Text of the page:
Speed is one of the key factors in any successful endeavour. But we tend to see the importance of speed and performance in running applications, often forgetting that it is just as important at the time of building them.
In the era of Continuous Integration and Continuous Deployment, big applications are creating big, often bloated build pipelines. These provide late feedback to developers and affect the ability of a business to react to events.
The right idea; the wrong approach
Companies are beginning to realise this threat and are acting on it. Unfortunately, many of the approaches we’re seeing are rather idealistic concepts – ones which sound good on paper but don’t usually deliver the expected value.
One example is that of teams rewriting their entire stack into a microservices architecture, thinking that smaller components will be faster to build. However, they fail to realise that once the system grows big enough, those microservices will have shared components and interdependencies that will slow the build down.
Another is that of teams switching to experimental build tools like Twitter’s Pants or breaking code encapsulation with monorepositories. While these do provide some benefits, as with any tool they come with disadvantages and the trade-off may not always be worth it.
Back to basics
There is a simpler way to keep things fast, and one which is easily spotted if we just understand the root of the problem. The whole idea of a Continuous Integration pipeline is that, whenever a change is made, everything that is impacted by that change is rebuilt so as to ensure that we are always up to date.
It follows that the real problem is where code becomes so entangled that every single change impacts large portions of the system, meaning there’s a lot to rebuild.
The solution is therefore simple (in principle!): just reshape the architecture of your code so that code changes affect a smaller portion of the overall system. In turn, only a smaller portion needs to be rebuilt, resulting in shorter build times.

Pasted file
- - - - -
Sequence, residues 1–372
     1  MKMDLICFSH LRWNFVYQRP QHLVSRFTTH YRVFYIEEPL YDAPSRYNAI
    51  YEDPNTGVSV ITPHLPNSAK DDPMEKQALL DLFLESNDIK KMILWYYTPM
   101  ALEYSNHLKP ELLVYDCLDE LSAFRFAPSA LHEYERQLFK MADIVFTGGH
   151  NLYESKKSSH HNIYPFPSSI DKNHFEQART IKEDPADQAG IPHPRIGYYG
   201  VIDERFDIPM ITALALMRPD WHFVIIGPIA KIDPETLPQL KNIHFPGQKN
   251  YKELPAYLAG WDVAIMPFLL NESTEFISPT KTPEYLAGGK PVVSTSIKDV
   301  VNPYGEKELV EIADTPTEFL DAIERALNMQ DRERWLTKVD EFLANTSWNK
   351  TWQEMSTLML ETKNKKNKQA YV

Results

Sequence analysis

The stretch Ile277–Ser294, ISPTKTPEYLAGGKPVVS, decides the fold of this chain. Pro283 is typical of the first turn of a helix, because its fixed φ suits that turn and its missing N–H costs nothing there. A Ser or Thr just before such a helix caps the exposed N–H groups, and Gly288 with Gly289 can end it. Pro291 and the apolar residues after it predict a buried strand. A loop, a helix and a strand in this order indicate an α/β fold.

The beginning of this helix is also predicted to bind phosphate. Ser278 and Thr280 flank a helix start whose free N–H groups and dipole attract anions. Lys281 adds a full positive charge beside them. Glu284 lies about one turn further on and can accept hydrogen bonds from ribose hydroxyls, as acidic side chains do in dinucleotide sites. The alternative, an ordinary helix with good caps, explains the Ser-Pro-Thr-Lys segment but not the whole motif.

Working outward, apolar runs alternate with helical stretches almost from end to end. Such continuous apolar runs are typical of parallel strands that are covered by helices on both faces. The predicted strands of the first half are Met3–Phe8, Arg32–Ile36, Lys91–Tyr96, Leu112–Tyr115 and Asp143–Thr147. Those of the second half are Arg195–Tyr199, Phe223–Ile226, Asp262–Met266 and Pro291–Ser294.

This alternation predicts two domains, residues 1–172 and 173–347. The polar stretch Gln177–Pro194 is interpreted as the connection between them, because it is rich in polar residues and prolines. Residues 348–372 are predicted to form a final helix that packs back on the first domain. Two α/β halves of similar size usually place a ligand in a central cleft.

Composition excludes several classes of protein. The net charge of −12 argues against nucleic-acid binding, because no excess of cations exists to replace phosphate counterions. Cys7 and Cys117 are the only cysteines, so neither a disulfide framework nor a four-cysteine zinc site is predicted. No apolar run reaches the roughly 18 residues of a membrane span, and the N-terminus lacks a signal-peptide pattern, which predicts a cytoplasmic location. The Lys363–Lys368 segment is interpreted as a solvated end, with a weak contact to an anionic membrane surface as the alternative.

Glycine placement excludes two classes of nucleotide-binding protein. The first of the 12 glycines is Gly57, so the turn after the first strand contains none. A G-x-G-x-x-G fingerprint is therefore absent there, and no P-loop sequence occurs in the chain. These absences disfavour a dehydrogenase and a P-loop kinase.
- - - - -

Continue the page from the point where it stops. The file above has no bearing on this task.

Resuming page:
For instance, if you have a library that is used by several other components, every time you modify that library you’ll have to rebuild all the dependent components. If however you separate that library into its API and its implementation, then you might be able to reduce its impact: when you make a change to the implementation and it doesn’t affect the overall behaviour, dependents won’t be affected and so you won’t need to rebuild them.
Classic approaches can trump new fads
Obviously, IT is a very fast-paced industry. New ideas and technologies come up every day and we need to make sure we evaluate them so as to keep up. However, the fact that new things appear doesn’t necessarily mean we always need to drop everything that came before it.
In the end, the oldest trick in the book is still one of the most effective ones: if you want to run things smoothly, make sure everything is appropriately tidied up as you go. You’ll not only save a lot of pain, but it’s the only way to keep that all-important performance up.
Abraham Marin-Perez will be exploring this topic in more detail with his talk Architectural Patterns for an Efficient Delivery Pipeline at Better Software West, on Wednesday, June 7, 2017.